On the day Bernie Sanders declared his candidacy, I contributed $15 to his campaign. He came closer to representing my positions than any politician I can remember. I made several other investments in fundamental change as the Democratic primary season wore on. I still think that Sanders was spot-on in his critique of Hillary Clinton and his complaints about party officials favoring her. But I also have no doubt about joining him in voting for her.
This is hardly automatic for me. I have a record opposing the status quo. I proudly voted for Ralph Nader and other third-party candidates over the years. I’ve been a registered Green for a long time and faithfully participated in their local meetings in Tucson. Indeed, I became one of the few Green officials nationwide when Arizona Gov. Janet Napolitano appointed me to a judge-picking panel. And I was planning to run as a Green for the local school board but ended up moving away.
So I really want to see the sort of fundamental change that Sanders espouses. But one of the things I liked about him, as opposed to most Green candidates, is that he’s a realist. I agree with him that:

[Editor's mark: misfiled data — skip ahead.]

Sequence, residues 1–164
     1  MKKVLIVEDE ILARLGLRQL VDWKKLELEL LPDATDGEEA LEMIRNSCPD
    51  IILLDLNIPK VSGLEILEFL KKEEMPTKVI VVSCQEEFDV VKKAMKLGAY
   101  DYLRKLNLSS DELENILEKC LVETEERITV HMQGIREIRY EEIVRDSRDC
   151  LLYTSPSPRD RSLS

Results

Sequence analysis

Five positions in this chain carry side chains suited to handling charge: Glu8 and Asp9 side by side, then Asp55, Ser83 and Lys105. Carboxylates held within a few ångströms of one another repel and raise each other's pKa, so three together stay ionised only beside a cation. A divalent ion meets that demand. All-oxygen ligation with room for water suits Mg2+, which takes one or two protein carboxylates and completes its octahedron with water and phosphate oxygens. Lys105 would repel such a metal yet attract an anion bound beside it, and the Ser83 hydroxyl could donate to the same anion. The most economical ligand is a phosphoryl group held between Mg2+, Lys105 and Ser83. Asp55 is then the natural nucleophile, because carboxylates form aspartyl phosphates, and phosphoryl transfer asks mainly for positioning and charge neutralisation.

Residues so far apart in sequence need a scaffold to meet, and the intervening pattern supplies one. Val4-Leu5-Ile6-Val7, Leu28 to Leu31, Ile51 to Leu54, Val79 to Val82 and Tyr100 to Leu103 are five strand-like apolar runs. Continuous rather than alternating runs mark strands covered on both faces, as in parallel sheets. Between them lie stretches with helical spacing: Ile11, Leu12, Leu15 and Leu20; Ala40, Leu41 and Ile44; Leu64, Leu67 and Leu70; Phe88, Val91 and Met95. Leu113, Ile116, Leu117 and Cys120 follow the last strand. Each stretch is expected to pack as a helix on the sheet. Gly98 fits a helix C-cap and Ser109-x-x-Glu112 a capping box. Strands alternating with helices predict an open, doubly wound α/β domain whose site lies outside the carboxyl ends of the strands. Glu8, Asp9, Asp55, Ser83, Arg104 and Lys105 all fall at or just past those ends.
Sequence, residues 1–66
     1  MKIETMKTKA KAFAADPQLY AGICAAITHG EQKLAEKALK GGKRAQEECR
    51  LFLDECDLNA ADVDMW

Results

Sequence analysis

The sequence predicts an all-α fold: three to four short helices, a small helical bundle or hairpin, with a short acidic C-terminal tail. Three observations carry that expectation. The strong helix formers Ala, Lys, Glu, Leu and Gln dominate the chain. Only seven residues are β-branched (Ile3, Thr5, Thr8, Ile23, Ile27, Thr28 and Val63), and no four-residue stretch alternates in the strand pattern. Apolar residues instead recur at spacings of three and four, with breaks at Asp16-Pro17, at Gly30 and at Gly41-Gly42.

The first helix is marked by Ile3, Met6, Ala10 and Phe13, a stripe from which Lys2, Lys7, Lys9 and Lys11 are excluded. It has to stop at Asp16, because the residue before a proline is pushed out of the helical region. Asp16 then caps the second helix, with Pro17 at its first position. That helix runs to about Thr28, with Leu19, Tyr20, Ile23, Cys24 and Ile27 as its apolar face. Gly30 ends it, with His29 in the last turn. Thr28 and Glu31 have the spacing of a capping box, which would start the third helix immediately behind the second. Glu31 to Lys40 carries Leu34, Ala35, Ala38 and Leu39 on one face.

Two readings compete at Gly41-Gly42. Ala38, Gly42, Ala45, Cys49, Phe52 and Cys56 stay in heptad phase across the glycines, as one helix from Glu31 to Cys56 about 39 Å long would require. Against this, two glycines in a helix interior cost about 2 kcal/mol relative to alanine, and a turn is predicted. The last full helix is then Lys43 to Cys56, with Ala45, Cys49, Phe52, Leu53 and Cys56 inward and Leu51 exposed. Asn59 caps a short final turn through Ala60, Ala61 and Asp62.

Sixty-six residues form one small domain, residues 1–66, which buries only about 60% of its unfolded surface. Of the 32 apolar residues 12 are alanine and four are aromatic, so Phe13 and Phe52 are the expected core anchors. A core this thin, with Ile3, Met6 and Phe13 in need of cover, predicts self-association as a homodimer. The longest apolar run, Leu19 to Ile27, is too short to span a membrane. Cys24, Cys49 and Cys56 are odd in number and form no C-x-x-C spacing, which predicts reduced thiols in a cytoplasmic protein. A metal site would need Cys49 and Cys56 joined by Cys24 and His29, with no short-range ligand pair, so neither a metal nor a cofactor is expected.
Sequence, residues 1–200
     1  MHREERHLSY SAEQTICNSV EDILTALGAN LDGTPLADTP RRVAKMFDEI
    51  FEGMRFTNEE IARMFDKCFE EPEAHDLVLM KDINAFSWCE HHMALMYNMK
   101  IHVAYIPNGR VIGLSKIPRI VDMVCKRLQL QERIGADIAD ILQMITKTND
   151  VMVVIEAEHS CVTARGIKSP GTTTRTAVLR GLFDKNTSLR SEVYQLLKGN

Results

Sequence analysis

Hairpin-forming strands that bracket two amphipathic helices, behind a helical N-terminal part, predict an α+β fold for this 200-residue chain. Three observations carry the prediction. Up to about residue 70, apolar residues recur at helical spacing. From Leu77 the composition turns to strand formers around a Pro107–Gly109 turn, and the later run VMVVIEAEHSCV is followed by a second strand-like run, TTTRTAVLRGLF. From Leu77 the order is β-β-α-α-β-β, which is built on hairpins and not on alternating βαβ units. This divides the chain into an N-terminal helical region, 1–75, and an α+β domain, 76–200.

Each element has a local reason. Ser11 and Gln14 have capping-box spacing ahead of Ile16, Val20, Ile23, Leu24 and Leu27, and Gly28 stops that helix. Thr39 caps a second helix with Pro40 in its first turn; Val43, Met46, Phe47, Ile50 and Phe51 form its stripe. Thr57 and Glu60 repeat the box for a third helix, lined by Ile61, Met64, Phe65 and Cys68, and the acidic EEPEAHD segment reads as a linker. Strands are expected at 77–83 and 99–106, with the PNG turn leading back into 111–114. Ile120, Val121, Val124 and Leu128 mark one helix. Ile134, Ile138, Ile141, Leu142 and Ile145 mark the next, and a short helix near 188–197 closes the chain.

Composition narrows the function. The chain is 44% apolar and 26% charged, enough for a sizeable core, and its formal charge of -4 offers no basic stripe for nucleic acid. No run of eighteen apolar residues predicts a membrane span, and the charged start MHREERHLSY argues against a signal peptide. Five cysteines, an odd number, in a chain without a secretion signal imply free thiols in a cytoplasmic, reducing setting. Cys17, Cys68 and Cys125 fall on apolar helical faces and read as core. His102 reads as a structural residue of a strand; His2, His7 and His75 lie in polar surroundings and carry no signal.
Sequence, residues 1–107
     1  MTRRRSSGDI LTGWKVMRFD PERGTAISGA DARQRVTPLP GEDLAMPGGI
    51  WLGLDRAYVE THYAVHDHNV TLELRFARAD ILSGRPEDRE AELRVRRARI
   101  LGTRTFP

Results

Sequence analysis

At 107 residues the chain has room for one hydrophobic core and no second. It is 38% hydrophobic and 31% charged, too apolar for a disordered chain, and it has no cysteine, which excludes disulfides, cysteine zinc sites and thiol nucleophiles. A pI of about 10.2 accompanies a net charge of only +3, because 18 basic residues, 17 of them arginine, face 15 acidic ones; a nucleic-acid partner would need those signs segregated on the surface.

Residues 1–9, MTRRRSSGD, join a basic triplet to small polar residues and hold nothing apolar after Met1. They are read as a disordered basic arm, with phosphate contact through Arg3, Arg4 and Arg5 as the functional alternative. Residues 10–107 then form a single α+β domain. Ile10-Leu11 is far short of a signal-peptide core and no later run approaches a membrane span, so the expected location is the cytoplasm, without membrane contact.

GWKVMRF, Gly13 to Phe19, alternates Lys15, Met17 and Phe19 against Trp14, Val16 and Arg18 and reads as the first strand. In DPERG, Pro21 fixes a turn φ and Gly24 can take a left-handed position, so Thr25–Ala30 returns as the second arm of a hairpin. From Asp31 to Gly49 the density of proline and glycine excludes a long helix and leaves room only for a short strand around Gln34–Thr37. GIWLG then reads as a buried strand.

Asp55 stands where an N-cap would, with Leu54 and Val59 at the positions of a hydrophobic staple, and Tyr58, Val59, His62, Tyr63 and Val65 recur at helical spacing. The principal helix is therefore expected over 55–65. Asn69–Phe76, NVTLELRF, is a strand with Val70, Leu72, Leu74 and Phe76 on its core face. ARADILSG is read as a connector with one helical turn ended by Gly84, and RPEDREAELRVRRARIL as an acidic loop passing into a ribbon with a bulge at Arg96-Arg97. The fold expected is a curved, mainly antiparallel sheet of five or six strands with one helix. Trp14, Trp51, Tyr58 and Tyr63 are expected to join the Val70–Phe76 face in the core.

- Above all, Trump must be defeated. He poses a threat to almost everything, including to democracy in the United States.
- Hillary Clinton, like her husband, will prostitute a lot of her political positions to whichever forces help her get reelected. (This is not a criticism per se but a feature of representative democracy.) If Sanders’ supporters clearly help her win, then she’ll be freer to ignore big-money interests and to embrace progressive proposals from the likes of Sanders and Elizabeth Warren. If she wins without support from progressives, she’s unlikely to accede to their demands. That’s why Sanders and Warren are her most obvious supporters on the campaign trail.
- On paper Clinton’s not so different from President Obama. Personally, I think she’ll do a better job of getting legislation through Congress.
I recognize that some Sanders supporters think that Clinton stole the nomination. But his wife, Jane Sanders, explicitly stated that Clinton would have won even without the tricks.
Further, I imagine that some people see Clinton’s lead in the polls and feel free to vote for Jill Stein, rather than sully themselves by supporting Clinton. For example, I live in DC, where the outcome of the election is utterly predictable. Nonetheless, to such people I say: Would Jill Stein actually make a good president? What’s the evidence? One of my problems with the Greens (again, my party) is that we don’t nominate people with the requisite experience or who recognize that politics is the art of the possible. Jill Stein would likely be well-meaning but disastrous, and I won’t support that.
All in all, the best thing we can do is to vote for Hillary Clinton. Then, as Sanders says, we must pressure President Clinton to enact her progressive platform and reward her if she does.